Unexpectedly, the oil and gas love-in that is CERAWeek saw the latest round of climate risk disclosure emerging from the oil sector.
Alongside an update from Statoil, Chevron has attempted to give shareholders insight and understanding of how it manages climate change risks. The Chevron report states it will “provide the Company’s views on long-term fundamentals of the energy industry”. Spoiler alert: one is none the wiser as to the specifics on demand and price that the company uses on reading it, however.
No specific numbers are provided. Apparently the prices indicated in the IEA450 scenario are similar to the low price scenario used by Chevron, with reference and high price scenarios above this. Statoil have also published their latest climate roadmap – which indicates the IEA450 price deck is higher than Statoil’s price assumptions as it increases the NPV of their projects by 6%. One conclusion therefore is that Statoil’s planning assumptions are more conservative than Chevron’s. But the delta between them is unknown. Another is that Chevron’s reference case is betting on high prices – but how high, we just don’t know.
Chevron has the standard industry discussion of IEA scenarios and the usual rhetoric around population = energy = fossil fuels. This equation continues to break down as economies become less energy and carbon intensive. Statoil provides some welcome relief from this narrative, talking about the “decoupling of energy use from emissions”, and the fact that “not all oil and gas resources will be developed. Some resources will not have a place in our future strategy”.
Chevron also seems to recognize that in a carbon constrained scenario certain high-cost assets “would not find a place in our investment portfolio….” This is a welcome acknowledgement but is in contrast with Chevron’s claim in its 2016 proxy statement that its “production and resources will be needed to meet projected energy demand, even in a carbon-constrained future.” The question is: how much of that resource is unneeded? No details are forthcoming from Chevron.
We welcome the fact that Chevron distinguishes between 3 types of projects:
- Existing upstream production,
- Upstream resources not yet sanctioned, and
- Upstream resources not yet acquired.
This fits with what we have highlighted with our carbon supply cost curves – that there is still an opportunity for investors to influence the management’s decisions to take on “new” high cost projects in the latter two categories. Chevron continues to cite the IHS piece on valuing proven reserves which we address here. However, we would agree that the first category – producing assets – are lower risk, although would note Chevron did take a significant upstream impairment last year “where revenue from expected oil and gas production is expected to be insufficient to recover costs”.
Chevron then talks about its risk management process, which attributes probability to different scenarios. With $75-$85/bbl oil as its low case, it is evident that Chevron thinks a higher price, higher-demand scenario is likely. This suggests it is likely to press ahead with higher cost projects. Essentially the Chevron paper can be paraphrased as ‘trust us – we’ll see it coming.’ Shareholders are therefore asked to have faith that the company can see that scenario coming and its executives are suitably incentivized to curtail capex accordingly. This is presumably the same risk management system that positioned Chevron perfectly for the shale boom and the oil price drop.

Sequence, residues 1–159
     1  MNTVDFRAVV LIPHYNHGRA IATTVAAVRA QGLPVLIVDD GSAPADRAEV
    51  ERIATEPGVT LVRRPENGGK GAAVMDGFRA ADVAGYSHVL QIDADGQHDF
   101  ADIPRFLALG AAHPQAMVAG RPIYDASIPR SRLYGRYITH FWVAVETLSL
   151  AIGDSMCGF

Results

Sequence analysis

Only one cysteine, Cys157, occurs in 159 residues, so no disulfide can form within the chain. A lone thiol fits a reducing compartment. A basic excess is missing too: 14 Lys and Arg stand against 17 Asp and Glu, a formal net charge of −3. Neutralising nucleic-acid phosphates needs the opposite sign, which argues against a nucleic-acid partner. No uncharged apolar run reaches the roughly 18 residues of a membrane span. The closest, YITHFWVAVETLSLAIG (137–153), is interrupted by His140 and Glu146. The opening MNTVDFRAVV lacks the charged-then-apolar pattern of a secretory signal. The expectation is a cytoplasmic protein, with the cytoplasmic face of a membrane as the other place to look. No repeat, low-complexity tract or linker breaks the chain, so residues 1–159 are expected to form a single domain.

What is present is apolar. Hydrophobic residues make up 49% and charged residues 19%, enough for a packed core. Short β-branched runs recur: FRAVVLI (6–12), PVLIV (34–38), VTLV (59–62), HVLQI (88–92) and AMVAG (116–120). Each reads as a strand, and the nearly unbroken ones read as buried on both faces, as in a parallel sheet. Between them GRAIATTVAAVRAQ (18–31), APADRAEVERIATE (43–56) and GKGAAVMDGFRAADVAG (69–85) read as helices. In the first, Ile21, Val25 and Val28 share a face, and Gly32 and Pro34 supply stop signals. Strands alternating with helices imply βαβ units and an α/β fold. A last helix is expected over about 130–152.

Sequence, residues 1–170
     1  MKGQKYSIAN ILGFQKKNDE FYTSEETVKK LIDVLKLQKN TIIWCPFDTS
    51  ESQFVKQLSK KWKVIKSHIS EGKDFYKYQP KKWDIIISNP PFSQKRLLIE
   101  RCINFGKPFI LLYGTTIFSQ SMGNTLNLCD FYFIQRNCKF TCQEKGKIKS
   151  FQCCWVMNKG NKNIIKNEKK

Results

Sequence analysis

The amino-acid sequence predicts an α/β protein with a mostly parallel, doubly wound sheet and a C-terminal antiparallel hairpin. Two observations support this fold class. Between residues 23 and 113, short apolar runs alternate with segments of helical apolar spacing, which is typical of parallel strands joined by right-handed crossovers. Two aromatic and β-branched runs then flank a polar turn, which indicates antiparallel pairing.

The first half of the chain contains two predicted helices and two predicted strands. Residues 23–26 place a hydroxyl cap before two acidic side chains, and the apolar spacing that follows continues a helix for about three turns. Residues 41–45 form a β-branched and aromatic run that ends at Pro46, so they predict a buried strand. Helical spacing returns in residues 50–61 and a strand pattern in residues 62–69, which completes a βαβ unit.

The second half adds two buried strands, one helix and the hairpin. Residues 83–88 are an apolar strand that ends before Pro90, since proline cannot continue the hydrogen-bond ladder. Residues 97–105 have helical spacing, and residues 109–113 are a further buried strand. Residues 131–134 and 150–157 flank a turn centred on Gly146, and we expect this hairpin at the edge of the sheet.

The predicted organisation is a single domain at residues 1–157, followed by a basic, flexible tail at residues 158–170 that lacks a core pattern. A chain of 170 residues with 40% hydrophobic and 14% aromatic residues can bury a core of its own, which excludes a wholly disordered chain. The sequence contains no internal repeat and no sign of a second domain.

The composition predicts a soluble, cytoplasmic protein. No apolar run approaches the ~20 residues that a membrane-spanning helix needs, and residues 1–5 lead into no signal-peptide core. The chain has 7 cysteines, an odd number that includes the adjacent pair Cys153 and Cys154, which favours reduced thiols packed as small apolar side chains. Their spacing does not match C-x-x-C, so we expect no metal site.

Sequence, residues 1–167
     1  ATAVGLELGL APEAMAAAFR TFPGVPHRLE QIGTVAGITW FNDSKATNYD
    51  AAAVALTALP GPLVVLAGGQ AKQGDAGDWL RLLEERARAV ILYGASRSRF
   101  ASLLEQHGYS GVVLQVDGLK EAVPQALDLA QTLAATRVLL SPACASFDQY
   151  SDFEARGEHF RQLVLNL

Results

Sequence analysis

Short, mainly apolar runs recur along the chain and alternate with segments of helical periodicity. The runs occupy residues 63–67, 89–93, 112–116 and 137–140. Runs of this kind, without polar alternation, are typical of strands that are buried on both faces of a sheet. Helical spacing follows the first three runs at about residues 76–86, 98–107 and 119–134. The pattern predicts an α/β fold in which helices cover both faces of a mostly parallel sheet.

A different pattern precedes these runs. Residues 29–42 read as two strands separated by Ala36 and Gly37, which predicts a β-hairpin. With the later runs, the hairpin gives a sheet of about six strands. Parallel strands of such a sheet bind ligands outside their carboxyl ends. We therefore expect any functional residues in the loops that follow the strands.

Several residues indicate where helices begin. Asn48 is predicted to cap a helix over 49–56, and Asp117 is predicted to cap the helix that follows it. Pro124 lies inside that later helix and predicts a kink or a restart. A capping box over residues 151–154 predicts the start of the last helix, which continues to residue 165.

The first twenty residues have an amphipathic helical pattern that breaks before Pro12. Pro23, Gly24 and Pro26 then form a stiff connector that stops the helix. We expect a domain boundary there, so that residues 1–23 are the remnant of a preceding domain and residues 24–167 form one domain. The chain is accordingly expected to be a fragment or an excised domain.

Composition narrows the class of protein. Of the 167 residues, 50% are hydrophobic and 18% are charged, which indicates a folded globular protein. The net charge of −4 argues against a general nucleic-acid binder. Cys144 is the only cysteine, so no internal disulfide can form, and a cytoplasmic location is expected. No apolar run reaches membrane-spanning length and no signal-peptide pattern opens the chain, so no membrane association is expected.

Statoil have a few more figures in their report – with an ambition to direct 15%-20% of capex in 2030 into “new energy solutions”. One chart suggests a corresponding range of $750 – $1500 million potential annual capex in 2020-25. Refreshingly, Statoil also notes, that as covered in our recent research with Imperial College, it is very hard to predict with any certainty what their business may look like in 2030, due to both game-changing technologies and unexpected policy changes. But at least Statoil has quantified a target, and accepted the direction of travel and the likelihood of change. By contrast, Chevron does not entertain what its business could look like as a result of a rapid low-carbon transition.
Having heard most of the oil major CEOs interviewed at CERAWeek in Houston last week, do these documents reflect what was articulated at this industry forum?
As you might expect, the oil industry’s echo chamber amplified the business as usual approach. Climate change and peak oil demand were raised but quickly put to one side. The incumbents seem to think they can have their cake and eat it. This kind of delusion that continued growth is compatible with preventing dangerous levels of climate change should worry investors. How will the groupthink on boards be overcome so that they see this risk coming in time? This is why 41% of shareholders supported a resolution asking for 2°C scenario analysis last year, and why it has been refiled this year.
This show was in Houston, but it could have been the Oscars in Hollywood. It was definitely a nostalgic trip for the energy sector verging on La La Land. Shareholders are right to question whether management are backing the wrong winners. That is why the greater climate risk transparency in financial reporting recommended by the FSB taskforce is needed. The efforts to date have fallen short of what is required for investors to understand the quantum of risk.